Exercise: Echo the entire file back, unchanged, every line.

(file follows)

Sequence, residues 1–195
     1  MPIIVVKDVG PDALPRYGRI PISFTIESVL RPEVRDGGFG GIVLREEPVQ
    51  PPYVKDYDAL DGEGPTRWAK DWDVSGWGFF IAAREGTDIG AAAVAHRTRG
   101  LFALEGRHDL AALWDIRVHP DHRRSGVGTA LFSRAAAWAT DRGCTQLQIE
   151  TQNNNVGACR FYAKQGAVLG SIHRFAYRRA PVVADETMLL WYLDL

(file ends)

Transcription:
Sequence, residues 1–195
     1  MPIIVVKDVG PDALPRYGRI PISFTIESVL RPEVRDGGFG GIVLREEPVQ
    51  PPYVKDYDAL DGEGPTRWAK DWDVSGWGFF IAAREGTDIG AAAVAHRTRG
   101  LFALEGRHDL AALWDIRVHP DHRRSGVGTA LFSRAAAWAT DRGCTQLQIE
   151  TQNNNVGACR FYAKQGAVLG SIHRFAYRRA PVVADETMLL WYLDL